Following in the radio footsteps of "Boris from Islington", Nick Clegg received a phone call from one "Zac from Richmond" on his weekly LBC phone-in this morning. "Is that THE Zac from Richmond?" the presenter wondered. It turned out that yes, it was indeed Richmond's Conservative MP, Zac Goldsmith, whose chief contact with Clegg in this parliament has been pestering him over the coalition's stalled proposals for introducing a power of recall.
So it proved this morning. "It's the one reform I can see promised by the party that would genuinely empower voters," Zac explained earnestly. "I think it would strengthen the position of MPs, because under a system of recall we'd all have implied mandates."
Zac's problem is the coalition's initial proposals have proved a bit of a damp squib. Rather than putting all MPs on their toes, the government put forward a system which would only set up the possibility of a by-election for incredibly badly behaved MPs. They'd either have to go to jail for under 12 months (over a year means they're automatically kicked out of the Commons, anyway) or the Commons' shady standards and privileges committee, an opaque body, would have to judge their sins sufficiently heinous for a recall petition to even become possible.
"There's quite a lot of debate about what exactly the triggers are and how much you have to first prove serious wrongdoing in parliament," Nick told Zac.
"You take a view there shouldn't be many steps before people can trigger a by-election. A lot of other people think you can't turn this into a kangaroo court, otherwise everyone's going to try to recall everyone else."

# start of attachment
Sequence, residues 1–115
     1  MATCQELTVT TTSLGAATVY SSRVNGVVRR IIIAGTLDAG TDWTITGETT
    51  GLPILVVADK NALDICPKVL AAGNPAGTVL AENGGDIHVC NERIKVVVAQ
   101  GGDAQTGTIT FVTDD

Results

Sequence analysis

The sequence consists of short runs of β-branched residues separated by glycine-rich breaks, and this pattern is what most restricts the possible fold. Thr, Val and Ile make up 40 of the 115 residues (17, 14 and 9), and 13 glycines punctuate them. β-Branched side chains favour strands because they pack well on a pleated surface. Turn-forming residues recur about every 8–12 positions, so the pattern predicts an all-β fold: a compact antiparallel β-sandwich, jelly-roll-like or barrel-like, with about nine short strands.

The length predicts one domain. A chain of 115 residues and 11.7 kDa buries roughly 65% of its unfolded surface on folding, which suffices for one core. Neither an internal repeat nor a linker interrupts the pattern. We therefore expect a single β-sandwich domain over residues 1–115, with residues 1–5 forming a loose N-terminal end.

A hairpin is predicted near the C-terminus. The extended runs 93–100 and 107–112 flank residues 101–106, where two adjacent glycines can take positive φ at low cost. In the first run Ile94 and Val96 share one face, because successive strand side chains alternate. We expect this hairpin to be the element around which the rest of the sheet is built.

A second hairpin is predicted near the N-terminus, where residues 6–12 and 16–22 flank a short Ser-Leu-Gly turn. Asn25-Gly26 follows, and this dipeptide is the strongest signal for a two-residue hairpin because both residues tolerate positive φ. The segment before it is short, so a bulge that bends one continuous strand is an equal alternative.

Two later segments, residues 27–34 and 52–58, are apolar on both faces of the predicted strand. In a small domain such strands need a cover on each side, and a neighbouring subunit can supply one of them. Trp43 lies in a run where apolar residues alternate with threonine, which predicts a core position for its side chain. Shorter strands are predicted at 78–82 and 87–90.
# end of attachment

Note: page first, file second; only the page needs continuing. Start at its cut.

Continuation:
This view is frustrating for Zac, who is convinced the system wouldn't descend into pesky demands for recall at every turn. "There's no examples where it's been abused by vexatious campaigners," he complained. When MPs don't bother to do a single surgery in a year, for example, they're allowed to continue in their job until the next general election regardless. "What voters would regard as serious wrongdoing would not be regarded as wrong by the committee."
In response to which, Clegg shut down the discussion: "I fear we might start losing listeners if we get into the undergrowth of all this."
Indications emerging from the Cabinet Office have been thoroughly unclear recently. The draft bill put forward was lambasted by the Commons' political and constitutional reform committee, and there is starting to be a time factor approaching. "I can certainly assure you I want to see recall provisions on the statute book during this parliament," Clegg said. Does that mean a full-blown bill will be introduced in the Queen's Speech next month?